Q&A With Missouri Author Pat Simmons

Amanda K. (BookBuzz)

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Day Not Promised: The Intercessors By Pat SimmonsPhoto byBookBuzz

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Pat Simmons is a renowned Christian romance author with forty-plus titles to her name. She’s a self-proclaimed genealogy enthusiast who loves digging up her ancestors’ stories, then casting them in starring roles in her novels. She’s won five RSJ Emma Rodgers Award sfor Best Inspirational Romance. Her books Christmas Dinner and Here for You were also featured in Woman’s World Magazine. Her newest book Day Not Promised: The Intercessors was released in November 2022.

Author Q&A

How did you come up with the title?

This is a loaded question. The Bible lets us know that our life is like a vapor and it will fade away. Recent sudden losses in my family reminded me that the day isn’t promised to any of us. Despite the doom and gloom, I wanted to give readers hope and that God fights our battles so that we can enjoy each day.

Is there a message in your novel that you want readers to grasp?

Prayer changes situations for yourself and others. Talk to people about God’s promises and gifts before they make bad decisions that are irrevocable.

How much of the book is realistic?

So many of the spiritual situations in the book are real, and I used those to tell the story. Others are from church members’ testimonies.

What books have most influenced your life most?

Although I write fiction, I enjoy non-fiction books that help me build better plots for my books. I liked the Warmth of the Other Son by Isabel Wilkinson.

What book are you reading now?

His Makeshift Fiancee’ by Unoma Nwankwor

Are there any new authors that have grasped your interest?

Rosa Fresquez

What are your current projects?

Whew. I’m working on the sequel to DAY NOT PROMISED, Book 2 of the Intercessors series: DAY SHE PRAYED. I’m also polishing a proposal about generations of doctors, a contemporary women’s fiction, with glimpses into the past.

Name one entity that you feel supported you outside of family members.

Military bases across the country.

Do you see writing as a career?

At first, yes. Now, no. it has become a writing ministry for the Lord.

If you had to do it all over again, would you change anything in your latest book?

No.

Do you recall how your interest in writing originated?

Yes, I was an avid reader, but I wanted more inspiration in romance, not sex. So I created my own fairytale with Guilty of Love.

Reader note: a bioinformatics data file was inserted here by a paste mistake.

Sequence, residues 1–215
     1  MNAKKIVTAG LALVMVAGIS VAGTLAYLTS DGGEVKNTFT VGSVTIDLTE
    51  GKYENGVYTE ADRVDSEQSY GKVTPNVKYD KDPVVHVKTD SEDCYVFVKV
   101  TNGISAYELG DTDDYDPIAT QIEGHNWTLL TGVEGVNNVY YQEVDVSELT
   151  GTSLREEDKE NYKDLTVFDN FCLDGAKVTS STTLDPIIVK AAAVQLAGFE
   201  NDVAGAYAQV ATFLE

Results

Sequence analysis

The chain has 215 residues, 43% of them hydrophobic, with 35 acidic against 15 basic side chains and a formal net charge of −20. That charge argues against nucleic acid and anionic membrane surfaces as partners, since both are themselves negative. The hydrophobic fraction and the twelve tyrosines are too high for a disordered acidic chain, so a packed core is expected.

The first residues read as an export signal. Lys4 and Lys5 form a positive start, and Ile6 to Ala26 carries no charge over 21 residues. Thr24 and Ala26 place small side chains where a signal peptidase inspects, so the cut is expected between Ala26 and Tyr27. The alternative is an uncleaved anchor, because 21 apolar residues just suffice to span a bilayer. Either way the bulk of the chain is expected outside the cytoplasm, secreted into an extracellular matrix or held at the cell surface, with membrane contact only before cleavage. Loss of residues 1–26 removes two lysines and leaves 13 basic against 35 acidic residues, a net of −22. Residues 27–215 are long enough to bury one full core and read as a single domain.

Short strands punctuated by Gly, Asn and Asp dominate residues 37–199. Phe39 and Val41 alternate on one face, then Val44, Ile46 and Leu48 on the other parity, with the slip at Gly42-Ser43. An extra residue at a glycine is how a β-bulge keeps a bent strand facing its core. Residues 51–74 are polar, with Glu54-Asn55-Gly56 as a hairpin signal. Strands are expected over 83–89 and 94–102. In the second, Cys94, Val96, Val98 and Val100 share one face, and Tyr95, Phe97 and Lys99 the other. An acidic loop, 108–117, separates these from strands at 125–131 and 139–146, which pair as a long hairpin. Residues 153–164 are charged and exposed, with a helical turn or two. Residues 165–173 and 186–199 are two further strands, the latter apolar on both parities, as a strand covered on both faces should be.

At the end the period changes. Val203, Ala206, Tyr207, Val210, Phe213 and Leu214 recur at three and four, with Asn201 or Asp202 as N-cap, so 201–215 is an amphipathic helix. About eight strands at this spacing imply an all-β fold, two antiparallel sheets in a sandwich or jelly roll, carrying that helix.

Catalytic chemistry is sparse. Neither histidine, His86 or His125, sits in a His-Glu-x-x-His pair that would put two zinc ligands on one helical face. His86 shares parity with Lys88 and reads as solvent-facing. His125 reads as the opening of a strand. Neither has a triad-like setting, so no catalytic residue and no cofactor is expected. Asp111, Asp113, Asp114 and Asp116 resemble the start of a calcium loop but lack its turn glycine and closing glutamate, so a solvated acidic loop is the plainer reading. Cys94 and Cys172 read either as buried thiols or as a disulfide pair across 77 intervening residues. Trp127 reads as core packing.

Can you share a little of your current work with us?

Every morning, I spend time in prayer with God. When I finished, he told me to write five proposals, including the one for this book. My agent didn’t think she could sell it, so I indie-published it. Honestly, I’m more of a Christian romance writer than plain Christian fiction, so I was intimidated. I didn’t know if the genre was Christian thriller or Christian fantasy because of the spiritual aspect. My friends told me to go with Christian fiction. Next, based on the title, I thought I knew the direction God wanted me to go with end-time Scriptures. That was the opposite of what God wanted. His message was to show readers how He’s behind the scenes fighting our battles when we think we’re either all alone, or no one cares.

Is there anything you find particularly challenging in your writing?

It’s always a challenge to do it all: engage on social media, write on current projects while outlining future ones, promotion, and perform administrative work.

Who is your favorite author and what is it that really strikes you about their work?

By favorite author, you mean I pre-order the book as soon as it’s available. I have a list: Rhonda McKnight, Unoma Nwankwor, Vanessa Miller, Vanessa Riley, Tyora Moody, Lisa Dodson, Rosa Fresquez…all these are Christian authors, but I’m always on the hunt for good non-fiction books like Isabel Wilkinson that tells the story of Black history in America.

Do you have to travel much concerning your book(s)?

I travel to conferences, military bases, libraries, and bookstores, because I want to meet readers, not because I feel obligated.

What was the hardest part of writing your book?

Listening to God to make sure my descriptions of spiritual scenes were visional for the readers.

Did you learn anything from writing your book and what was it?

Not to believe the hype that folks don’t want God in their lives. Readers are very receptive to wanting a stronger relationship with the Lord Jesus.

Do you have any advice for other writers?

I have a “writer’s tab” on my website to help steer aspiring authors and advance published writers in their careers. I share what I’ve learned in the industry these past 14 years and what works.

Do you have anything specific that you want to say to your readers?

Thank you for supporting me with your purchases, supporting reviews, and telling others.

What were the challenges (research, literary, psychological, and logistical) in bringing it to life?

Of the forty titles I’ve written, DAY NOT PROMISED was fairly smooth because I relied on my Bible and past experiences.

What books/authors have influenced your writing?

Books on the craft of writing, such as learning GMC (Goal, motivation, and conflict). My freelance developmental editor, Chandra Sparks Splond, also a young adult author, has guided my writing career throughout the years. She’s my cheerleader and teacher.

Find out more about Pat and her ooks on her website at http://www.patsimmons.net

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Amanda is a PR manager and book lover from Georgia. When she's not working, she enjoys spending time outdoors with her husband and two doggies.

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